MX Linux MX-21 Xfce is the complete opposite of my MX-21 KDE review - that one was delightful. The Xfce one is the worst experience I had with this distro, probably ever. I didn't really get to properly test anything due to the general sluggishness, the login freeze, the suspend & wake problems, the Firefox slowness, the kernel oops, and all the rest of it. But the visual customization did show me one important aspect - how much more advanced KDE is, and how fragile scaling is in Xfce. I really am not in the mood to manually tweak 20-30 separate Xfce elements just to have a nice, presentable desktop. That's 2005, and it needs to stop. The Xfce version of MX-21 ain't bad, but it's fragile. Worse yet, the distro behaved far better in the past, so we also have a regression on our hands. All I can say, go for the KDE version, it's amazing (among the best systems I ever tried). Whereas the Xfce one needs to go back to the workshop and get some serious rework. Alas, on that note, and with some mild paranoia swirling in my brain, we end this sad review. Read more

YouTube Downloader and Firefox in EasyOS

  • YouTube downloader fixes

    The YouTube downloader GUI is a frontend for /usr/bin/youtube-dl, which is a python script. A problem is that YouTube move the goal posts, in an attempt to stop these downloaders from working. The youtube-dl developers respond by changing their script so that it works again.

  • Firefox version 94.0.2

    Have just downloaded English, French and German Firefox 94.0.2 tarballs, and it will be in the next release of EasyOS.

Use BespokeSynth on Fedora Linux

Sun Aug 14 10:36:37 2016, this is the birth date of BespokeSynth. Since that date, BespokeSynth has grown a lot; both in terms of its user base and the size of its codebase. BespokeSynth is an application for performing modular synthesis. Because it has been written by a newcomer to modular synthesis, it is quite different from the usual modular synthesizer. Note: I am the manager of the LinuxMAO / Audinux Copr repository. Read more

IBM/Red Hat Leftovers

  • Writing and unit testing a Python application to query the RPM database | Enable Sysadmin

    When installing software on a Linux system, your package manager keeps track of what's installed, what it's dependent upon, what it provides, and much more. The usual way to look at that metadata is through your package manager. In the case of Fedora or Red Hat Enterprise Linux, it is the RPM database. The RPM database can be queried from the command line with the rpm command, which supports some very nice formatting options. For example, to get a list of all packages sorted by size, I can use a little bit of Bash glue to do the following:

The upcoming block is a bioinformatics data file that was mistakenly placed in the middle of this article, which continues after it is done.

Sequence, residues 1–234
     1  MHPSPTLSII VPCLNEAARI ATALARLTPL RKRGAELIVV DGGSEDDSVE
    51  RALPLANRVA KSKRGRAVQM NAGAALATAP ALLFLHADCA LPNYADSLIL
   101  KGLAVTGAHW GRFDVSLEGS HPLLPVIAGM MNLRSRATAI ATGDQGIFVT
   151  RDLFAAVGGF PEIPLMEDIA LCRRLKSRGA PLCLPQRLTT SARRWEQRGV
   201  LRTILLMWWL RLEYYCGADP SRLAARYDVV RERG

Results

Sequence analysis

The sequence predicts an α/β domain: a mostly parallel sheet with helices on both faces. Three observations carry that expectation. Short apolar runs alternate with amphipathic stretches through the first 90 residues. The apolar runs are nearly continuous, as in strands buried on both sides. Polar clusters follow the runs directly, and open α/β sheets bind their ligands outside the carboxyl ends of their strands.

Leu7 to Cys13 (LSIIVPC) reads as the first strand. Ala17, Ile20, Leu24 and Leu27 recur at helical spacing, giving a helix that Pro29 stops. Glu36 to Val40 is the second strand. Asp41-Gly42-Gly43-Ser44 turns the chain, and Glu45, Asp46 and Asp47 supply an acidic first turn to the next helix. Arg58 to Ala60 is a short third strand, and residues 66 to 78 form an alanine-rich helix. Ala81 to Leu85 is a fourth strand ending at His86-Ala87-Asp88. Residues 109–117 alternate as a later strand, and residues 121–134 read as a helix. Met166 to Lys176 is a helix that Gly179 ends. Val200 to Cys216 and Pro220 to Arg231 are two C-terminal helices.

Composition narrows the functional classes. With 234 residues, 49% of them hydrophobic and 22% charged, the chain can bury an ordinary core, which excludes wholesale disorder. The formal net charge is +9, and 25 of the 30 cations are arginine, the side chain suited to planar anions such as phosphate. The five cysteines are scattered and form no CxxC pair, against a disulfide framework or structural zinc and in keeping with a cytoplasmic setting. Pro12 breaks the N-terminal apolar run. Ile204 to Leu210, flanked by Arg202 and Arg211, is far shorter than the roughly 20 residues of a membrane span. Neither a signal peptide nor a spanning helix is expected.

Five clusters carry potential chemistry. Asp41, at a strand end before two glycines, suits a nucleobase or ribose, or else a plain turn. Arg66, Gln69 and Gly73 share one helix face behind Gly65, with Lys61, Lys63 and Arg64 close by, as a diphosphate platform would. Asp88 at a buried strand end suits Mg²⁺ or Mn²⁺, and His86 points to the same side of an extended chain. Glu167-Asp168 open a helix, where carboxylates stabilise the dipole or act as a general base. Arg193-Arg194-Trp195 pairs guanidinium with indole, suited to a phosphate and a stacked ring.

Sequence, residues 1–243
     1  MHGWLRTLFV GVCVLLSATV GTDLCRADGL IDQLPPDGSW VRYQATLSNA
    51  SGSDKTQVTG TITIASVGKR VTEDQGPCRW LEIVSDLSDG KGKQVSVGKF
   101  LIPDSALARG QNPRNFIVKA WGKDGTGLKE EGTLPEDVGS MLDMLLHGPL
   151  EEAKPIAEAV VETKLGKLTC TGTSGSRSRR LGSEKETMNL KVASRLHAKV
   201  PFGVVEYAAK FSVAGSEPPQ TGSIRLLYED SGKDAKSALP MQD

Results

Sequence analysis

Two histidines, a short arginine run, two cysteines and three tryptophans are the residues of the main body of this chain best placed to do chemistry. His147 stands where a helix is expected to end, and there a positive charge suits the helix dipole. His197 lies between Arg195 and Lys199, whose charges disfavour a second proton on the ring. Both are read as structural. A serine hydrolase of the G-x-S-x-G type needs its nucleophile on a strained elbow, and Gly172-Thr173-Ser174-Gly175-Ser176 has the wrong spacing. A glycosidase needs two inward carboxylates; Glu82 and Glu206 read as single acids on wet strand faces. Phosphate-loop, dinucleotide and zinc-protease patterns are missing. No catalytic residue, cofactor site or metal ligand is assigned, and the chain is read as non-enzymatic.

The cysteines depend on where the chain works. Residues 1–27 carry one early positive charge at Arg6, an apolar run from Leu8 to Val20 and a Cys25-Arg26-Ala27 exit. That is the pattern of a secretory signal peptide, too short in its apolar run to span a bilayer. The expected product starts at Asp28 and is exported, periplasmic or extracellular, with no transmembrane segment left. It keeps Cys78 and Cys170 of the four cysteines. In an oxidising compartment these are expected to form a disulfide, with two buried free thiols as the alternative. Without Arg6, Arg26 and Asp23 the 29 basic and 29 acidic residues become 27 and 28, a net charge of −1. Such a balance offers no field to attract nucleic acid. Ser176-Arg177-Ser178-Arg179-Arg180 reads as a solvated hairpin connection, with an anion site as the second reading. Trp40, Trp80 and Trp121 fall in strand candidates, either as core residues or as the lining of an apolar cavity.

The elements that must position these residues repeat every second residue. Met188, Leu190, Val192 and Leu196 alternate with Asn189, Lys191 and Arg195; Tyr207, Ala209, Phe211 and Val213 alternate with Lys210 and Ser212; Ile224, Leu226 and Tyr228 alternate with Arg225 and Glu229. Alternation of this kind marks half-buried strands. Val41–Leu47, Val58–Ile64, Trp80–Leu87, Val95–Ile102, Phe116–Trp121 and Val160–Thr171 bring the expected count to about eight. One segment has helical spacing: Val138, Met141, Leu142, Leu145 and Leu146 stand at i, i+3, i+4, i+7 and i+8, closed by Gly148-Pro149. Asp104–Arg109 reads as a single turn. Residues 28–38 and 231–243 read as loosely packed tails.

• How DevSecOps brings security into the development process

    DevSecOps is an extension of DevOps that emphasizes security automation and cooperation across the organization. More than just hype, DevSecOps is a crucial addition to your organization's development and deployment processes, especially given the range of ransomware groups, industrial spies, identity thieves, and other attackers plaguing today's cyberworld. In this article, you will learn how DevSecOps extends familiar DevOps tools and processes to help cross-functional teams work together on the design and implementation of security policies and procedures.

  • Kubernetes and OpenShift: The best of 2021

    2021 was a big year in the world of Kubernetes and Red Hat OpenShift, and over the past twelve months, we have aimed to provide content that will satisfy developer curiosity on how to best use these platforms, from info on the big release of OpenShift 4.8 to tutorials on deploying Helm charts and working with OpenShift Serverless Functions. Keep reading for these highlights and more.

  • Quarkus, containers, and Java: Tune in to Jconf.dev 2021

    The Jconf.dev community Java conference is going virtual for 2021, which means that developers worldwide will be able to stream sessions of interest wherever they are. The conference is on December 9, and a number of Red Hatters are presenting material that will be of interest to the developer community. Read on to learn more and find out when to tune in.

  • Our top 5 Harvard Business Review articles of 2021

    Each month, through our partnership with Harvard Business Review, we share five new HBR articles we believe CIOs and IT leaders will value highly. As 2021 comes to a close, we are taking a look back at the five most popular HBR articles from this past year. Here are the stories that resonated with you.